USA Light Tank, 1944-45 - 4,731 Built
A difficult successionThe need to replace the M3 and M5 Stuart series in WW2 was what pushed for a replacement. Developed from the "M1 combat car" and M2 light tank, in 1939-40 it appeared that the Cadillac built light tank, which filled a well precised tactical role in the US tank inventory, were no linger adapted to the battlefield in 1942. Although fast and dependable, they were lightly armed, with a 37mm gun now unable to deal with any but German and Italian light tanks, and weak protection to the point troops overloaded them with spare track links as improvized protection. To stay relevant as organic to armoured divisions, and having spent all possibilities of upgrades with the M5A5, and new requirements, there was no choice but testing new prototypes.
M24 Chaffee Light Tank of the 20th Armored Division, 7th Army, near Salzburg in Austria, 4th May 1945 just a few days before the end of the war.
A prelude tank: FMC's T7Requirements for the replacement were about the same as the original: Venturing ahead of the main armored thrust, scouting and reporting enemy formations, but what was new, was to be about to call for an artillery barrage or air attack and not engage, using speed and maneuverability as a way to escape. Some wanted a more powerful light tank to replace the M2A4 and M3 in the autumn of 1940 already, but the project gained tractions in Jabuary 1941 with requirements for a low silhouette, compact 14-tonnes vehicle front-protected with 38 mm (1.5 in) and fitted with the same 37 mm (1.46 in) as before, with two pilots designed at Rock Island Arsenal: T7 (welded hull, cast turret, modified VVS) and the the T7El, in riveted construction, same turret but horizontal volute suspension (HVS) for comparative tests...
After a wooden mock-up of the T7 was presented, Rock Island Arsenal was ordered three more prototypes (T7E2, E3 E4) to test different configurations. The T7E2 had the best the most potential, powered by a Wright R-975 engine and after gruellung tests it was approved in December 1941, and at that stage, up-gunned with a 57 mm (2.24 in) derived from the British 6-pdr initially developed for the Ram tank, which led to install a Ram turret ring on the first prototype by June 1942. But later it was asked of it could manage a standard 75 mm (2.95 in) gun, leading to redesign the turret and increase armor thickness to 63 mm (2.52 in) on the front (final weight 25 tons) so much so that it was reclassifed as the Medium Tank M7 in August 1942, then standardized with 3000 ordered to International Harvester Co., with a production stanrting by December 1942.
The pilot being tested at the Armored Force HQ at Fort Knox, it was reported underpowered and work on the M7E1 started, meanwhile the Sherman M4 was ramped up to full production, so much so that the new M7 was now seen as redundant by the Armored Forces and production was halted after a few M7s were produced. Any work on the M7E1 stopped as well while the T7/M7 was now declared obsolete.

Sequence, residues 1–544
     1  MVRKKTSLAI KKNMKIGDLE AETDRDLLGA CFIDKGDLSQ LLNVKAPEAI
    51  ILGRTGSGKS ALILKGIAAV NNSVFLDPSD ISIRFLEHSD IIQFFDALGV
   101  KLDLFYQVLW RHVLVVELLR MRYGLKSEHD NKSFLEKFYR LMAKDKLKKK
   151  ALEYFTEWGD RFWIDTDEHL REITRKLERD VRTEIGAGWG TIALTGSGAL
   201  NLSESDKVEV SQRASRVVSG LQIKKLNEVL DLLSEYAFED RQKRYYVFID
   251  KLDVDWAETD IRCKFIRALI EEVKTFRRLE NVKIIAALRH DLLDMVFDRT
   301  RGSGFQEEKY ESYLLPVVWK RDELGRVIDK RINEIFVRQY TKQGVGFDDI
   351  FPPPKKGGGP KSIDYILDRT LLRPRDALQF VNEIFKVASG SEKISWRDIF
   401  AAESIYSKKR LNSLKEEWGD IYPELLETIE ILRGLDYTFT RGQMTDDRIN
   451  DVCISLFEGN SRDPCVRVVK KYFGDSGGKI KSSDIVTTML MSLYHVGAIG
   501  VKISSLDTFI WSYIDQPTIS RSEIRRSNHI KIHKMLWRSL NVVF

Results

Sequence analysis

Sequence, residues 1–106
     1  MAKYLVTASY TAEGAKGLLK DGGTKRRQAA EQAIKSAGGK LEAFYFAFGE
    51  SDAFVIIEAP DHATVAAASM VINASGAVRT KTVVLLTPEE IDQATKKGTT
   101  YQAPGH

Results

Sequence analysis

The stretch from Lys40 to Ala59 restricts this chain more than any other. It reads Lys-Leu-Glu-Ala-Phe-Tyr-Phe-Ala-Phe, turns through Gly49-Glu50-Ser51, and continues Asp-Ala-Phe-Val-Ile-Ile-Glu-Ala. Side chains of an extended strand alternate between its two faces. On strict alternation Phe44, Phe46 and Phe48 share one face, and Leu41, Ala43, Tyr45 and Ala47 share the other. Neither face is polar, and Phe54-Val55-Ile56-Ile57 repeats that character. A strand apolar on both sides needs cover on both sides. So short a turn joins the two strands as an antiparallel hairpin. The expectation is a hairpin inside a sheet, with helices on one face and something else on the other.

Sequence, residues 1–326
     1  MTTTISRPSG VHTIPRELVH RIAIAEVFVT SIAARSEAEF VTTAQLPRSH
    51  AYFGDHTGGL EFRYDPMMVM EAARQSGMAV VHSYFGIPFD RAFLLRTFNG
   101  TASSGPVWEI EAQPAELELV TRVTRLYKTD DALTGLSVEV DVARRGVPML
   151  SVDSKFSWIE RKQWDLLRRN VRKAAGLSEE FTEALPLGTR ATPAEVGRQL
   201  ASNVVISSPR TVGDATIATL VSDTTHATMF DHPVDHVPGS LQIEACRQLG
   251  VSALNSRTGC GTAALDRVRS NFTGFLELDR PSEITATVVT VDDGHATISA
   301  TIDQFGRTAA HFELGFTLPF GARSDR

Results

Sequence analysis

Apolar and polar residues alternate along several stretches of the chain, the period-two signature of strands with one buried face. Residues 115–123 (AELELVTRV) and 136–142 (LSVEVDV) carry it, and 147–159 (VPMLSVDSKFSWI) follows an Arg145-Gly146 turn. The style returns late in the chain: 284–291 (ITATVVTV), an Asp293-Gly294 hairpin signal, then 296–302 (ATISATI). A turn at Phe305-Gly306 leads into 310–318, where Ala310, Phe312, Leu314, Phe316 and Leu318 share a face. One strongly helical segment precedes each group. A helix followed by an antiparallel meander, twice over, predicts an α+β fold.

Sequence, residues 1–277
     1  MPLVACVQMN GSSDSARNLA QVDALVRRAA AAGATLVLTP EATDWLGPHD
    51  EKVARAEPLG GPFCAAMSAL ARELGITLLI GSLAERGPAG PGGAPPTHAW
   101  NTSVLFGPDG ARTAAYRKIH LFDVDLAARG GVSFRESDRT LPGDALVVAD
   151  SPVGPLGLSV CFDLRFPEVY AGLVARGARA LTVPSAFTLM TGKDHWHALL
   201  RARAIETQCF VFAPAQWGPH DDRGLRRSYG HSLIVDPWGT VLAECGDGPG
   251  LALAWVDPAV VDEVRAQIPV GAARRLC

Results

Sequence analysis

The Cadillac T24The Ordnance Department started work with Cadillac to design a completely new light tank incorporating designs and features from the M7 which led to a pilot model designated T24. It had a twin Cadillac liquid-cooled engine mount, same hydramatic suspension as the last M5 Stuart but the cast turret received a brand new lightweight M5 75 mm (2.95 in) gun developed for the B-25 Mitchell Bomber originally, using a concentric recoil. This enabled to setup a weight limit of 18 tons as ideal, but that meant no more than 25 mm (0.98 in) of armour.
The first pilot T24 was completed in October 1943 and quite successful. The Ordnance immediately authorized production, a first batch of 1000 and later 5000. Production started in March 1944 at both the Cadillac and Massey-Harris plants which ceased production of the M5 immediately. The war ended this process to the 4,731 vehicle, including variants. They started to arrive to the front by late 1944. The name came from General Adna Chaffee Jr, "Father of the Armored Force" which died in August 1941. The vehicle started service in the winter 1944 in Europe. Interestingly, it was the British, which called the M24 the Chaffee, but not the same, it was his father, Adna Chaffee Sr. (1840-1914), a civil war general...
|Dimensions (L-w-H)||18’2″ x 9’8″ x 9’1″ (5.54 x 2.98 x 2.77 m)|
|Total weight, battle ready||20.2 tons (18.32 tonnes)|
|Crew||5 (driver, commander, gunner, loader, co-driver/radio operator)|
|Propulsion||Twin Cadillac 44T24 8-cylinder 4 cycle petrol/gasoline 148 hp engine|
|Top speed||35 mph (56 km/h), off road 25 mph (40 km/h)|
|Range||100 miles (160 km)|
|Armament||75 mm M6 gun (48rds), 2x0.3 cal, 1x 05 cal. AA|
|Armor||25 mm (1 in) - 25 mm (1 in), Mantel 38 mm (1 1/2 in)|
M24 of the US 18th Cavalry Reconnaissance Squadron, 740th Tank Battalion, Battle of the Bulge, winter 1944-45
Chaffee of the US Army 1st Armored Division in Bologna, Italy, late April 1945
US Army M24 Light Tank in Germany, 1945
M24 Chaffee fitted with the long armed Dozer Blade
M24 of the US Army in the Netherlands, winter 1944-45
Chaffee of the 752nd Tank battalion, February 1946
M24 of F Troop, 2nd Cavary Reconnaissance Squadron, Bavaria, Germany, 1945
Chaffee from the 23rd Cavalry Reconnaissance Squadron Pizen, Czech Republic, 1945
British M24 Chaffee, Light Tank C Squadron, Reconnaissance Regiment, 5th Infantry Division, Germany 1946
Chilean M24 with 60mm HVMS
AMX-13 tourelle Chaffee
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